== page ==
film 2 of 7

Churchill’s Island

Film Review by Dean Duncan Jul 18, 2015

This essay appears in the Encyclopedia of the Documentary Film, ed. Ian Aitken, Routledge (2006). 

Churchill’s Island is most remembered as the first film from the National Film Board of Canada to win an Academy Award (best documentary, 1941). But it is not so much its acceptance by the commercial mainstream as its departure from that mainstream’s discursive conventions and institutional presuppositions that makes the film historically significant and of some continuing interest. Churchill’s Island marks the visible beginning of a Canadian film alternative to industrial Hollywood, and an extension and elaboration of the documentary idea to new national circumstances and possibilities.

The Board’s founder and first commissioner, John Grierson, found in the early years that many of his energies were occupied by administrative and political duties. As a result, much of the responsibility for day to day producing and mentoring fell to Stuart Legg, a Grierson recruit from the days of the Empire Marketing Board. An editor and a thinker of great distinction, Legg was particularly noted for his subtle grasp of public, political, and as he would increasingly demonstrate, geopolitical issues. As head of production, he would explore these topics with great distinction through the Board’s flagship wartime series, Canada Carries On (of which Churchill’s Island was an early entry) and The World in Action.

The March of Time was an acknowledged influence on the Canadian series. For his part Legg was impressed by the quality of its reporting, its concision and its cinematic craft. However with the series under his supervision, Legg and his collaborators began immediately to move beyond the entertaining reportage so often characteristic of the existing newsreels. Propaganda had something to do with this. The Americans were still officially neutral with regard to the European conflict, and so the Board series had a great gap to fill in informing and motivating its domestic audiences.

Churchill’s Island is a vivid response to this challenge. The film, which recounts the details of Britain’s home defense against the Nazis, is completely compiled from the Board’s extensive stock library. Future Board stalwart Tom Daly was largely responsible for maintaining this library. His seemingly complete recall of its holdings would make him increasingly central to the compilation films that would make up a good portion of the Board’s early output. Daly has ascribed much of their motivational success to Legg’s principle of “waves,” which was that sequences were to rise to a climax and then diminish, before the next sequence came along and increased the intensity. The emotional results are still clear in Churchill’s Island, in which the high stakes, the national peril and the national opportunity, are quite palpable. At the distance of these many years the effect is poignant and even moving.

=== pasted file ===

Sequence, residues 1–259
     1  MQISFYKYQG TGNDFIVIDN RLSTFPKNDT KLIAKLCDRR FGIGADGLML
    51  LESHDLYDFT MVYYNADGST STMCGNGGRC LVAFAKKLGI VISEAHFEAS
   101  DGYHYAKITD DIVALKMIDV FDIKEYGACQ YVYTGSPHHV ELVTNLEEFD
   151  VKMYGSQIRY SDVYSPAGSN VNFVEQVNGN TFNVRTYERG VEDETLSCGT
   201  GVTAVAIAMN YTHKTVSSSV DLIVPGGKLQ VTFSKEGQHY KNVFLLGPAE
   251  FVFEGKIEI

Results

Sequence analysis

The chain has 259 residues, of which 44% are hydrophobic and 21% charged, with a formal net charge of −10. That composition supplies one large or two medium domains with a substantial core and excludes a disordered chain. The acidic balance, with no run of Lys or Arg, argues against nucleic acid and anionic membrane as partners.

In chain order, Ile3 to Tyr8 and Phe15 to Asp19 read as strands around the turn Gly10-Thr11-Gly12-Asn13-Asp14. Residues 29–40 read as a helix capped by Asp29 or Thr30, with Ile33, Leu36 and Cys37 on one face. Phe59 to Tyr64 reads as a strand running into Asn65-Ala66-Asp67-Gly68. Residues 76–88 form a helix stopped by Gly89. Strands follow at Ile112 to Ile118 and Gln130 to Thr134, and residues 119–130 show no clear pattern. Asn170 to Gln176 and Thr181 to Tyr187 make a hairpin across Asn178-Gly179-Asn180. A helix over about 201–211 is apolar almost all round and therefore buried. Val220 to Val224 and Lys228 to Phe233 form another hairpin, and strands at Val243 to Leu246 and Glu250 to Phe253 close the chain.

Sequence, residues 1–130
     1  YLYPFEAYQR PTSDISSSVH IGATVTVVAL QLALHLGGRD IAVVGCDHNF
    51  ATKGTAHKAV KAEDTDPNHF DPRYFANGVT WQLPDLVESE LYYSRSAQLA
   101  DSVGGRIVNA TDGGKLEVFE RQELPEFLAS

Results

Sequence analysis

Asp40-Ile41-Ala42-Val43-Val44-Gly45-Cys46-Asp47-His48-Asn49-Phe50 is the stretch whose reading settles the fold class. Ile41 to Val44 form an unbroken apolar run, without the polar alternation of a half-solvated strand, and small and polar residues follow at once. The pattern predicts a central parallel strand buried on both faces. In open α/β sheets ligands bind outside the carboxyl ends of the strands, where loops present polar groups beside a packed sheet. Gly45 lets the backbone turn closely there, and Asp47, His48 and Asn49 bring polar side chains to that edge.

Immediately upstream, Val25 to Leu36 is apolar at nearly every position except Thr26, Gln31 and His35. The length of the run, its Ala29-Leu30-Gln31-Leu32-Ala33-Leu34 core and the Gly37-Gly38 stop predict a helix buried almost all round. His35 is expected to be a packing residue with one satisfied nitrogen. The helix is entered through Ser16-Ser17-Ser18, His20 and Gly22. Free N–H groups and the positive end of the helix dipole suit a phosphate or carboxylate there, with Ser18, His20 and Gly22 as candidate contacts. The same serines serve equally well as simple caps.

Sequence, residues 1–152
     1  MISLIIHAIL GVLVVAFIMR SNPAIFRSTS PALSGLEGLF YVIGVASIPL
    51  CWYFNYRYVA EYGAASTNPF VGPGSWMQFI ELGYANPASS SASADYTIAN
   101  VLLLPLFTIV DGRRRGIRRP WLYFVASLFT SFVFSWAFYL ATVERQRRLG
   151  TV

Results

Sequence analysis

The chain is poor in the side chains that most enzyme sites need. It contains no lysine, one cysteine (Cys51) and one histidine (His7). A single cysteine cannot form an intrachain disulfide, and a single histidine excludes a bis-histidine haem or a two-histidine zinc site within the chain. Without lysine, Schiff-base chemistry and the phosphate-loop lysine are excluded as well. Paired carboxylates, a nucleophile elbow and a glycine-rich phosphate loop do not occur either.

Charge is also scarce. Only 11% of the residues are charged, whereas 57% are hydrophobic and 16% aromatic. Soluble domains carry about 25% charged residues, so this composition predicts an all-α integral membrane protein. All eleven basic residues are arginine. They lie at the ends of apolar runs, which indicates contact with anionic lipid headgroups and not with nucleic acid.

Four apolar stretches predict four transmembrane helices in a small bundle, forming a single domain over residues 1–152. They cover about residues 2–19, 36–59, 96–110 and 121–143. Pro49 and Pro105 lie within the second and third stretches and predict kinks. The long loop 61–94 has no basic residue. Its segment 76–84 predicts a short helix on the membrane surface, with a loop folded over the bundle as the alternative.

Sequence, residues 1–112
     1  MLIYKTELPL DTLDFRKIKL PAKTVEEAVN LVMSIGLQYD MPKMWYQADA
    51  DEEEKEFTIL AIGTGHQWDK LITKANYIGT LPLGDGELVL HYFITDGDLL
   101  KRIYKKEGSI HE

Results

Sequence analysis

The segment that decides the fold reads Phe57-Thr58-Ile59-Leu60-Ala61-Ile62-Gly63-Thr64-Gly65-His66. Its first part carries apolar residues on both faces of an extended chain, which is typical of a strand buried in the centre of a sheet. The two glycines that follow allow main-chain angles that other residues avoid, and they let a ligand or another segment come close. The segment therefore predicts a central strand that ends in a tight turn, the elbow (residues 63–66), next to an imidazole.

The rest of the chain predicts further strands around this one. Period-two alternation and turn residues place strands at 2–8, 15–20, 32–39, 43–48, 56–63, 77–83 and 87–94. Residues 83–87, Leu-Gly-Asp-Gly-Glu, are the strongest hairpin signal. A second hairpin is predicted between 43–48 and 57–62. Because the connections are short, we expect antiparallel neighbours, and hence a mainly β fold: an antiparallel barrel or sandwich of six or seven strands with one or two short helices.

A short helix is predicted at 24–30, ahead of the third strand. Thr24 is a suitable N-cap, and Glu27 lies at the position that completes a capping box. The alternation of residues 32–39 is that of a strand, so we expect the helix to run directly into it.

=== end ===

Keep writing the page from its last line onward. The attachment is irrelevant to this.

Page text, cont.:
And yet even in this early number, released (June 1941) at a time a considerable uncertainty, it is clear that these waves were not only dramatic or emotional. Though there were motivational (and manipulative) imperatives, Legg also intended to move his films toward the depth and breadth of the best investigative journalism. In Churchill’s Island we can see this deepening process well underway. There is a conceptual, even dialectical element to the film that was emblematic of the innovations and elaborations that Legg and his newsreel collaborators would develop throughout the war period. In addition to emotional appeal there is a constant sketching of causal chains, a setting forth of the tactical and strategic elements of the conflict.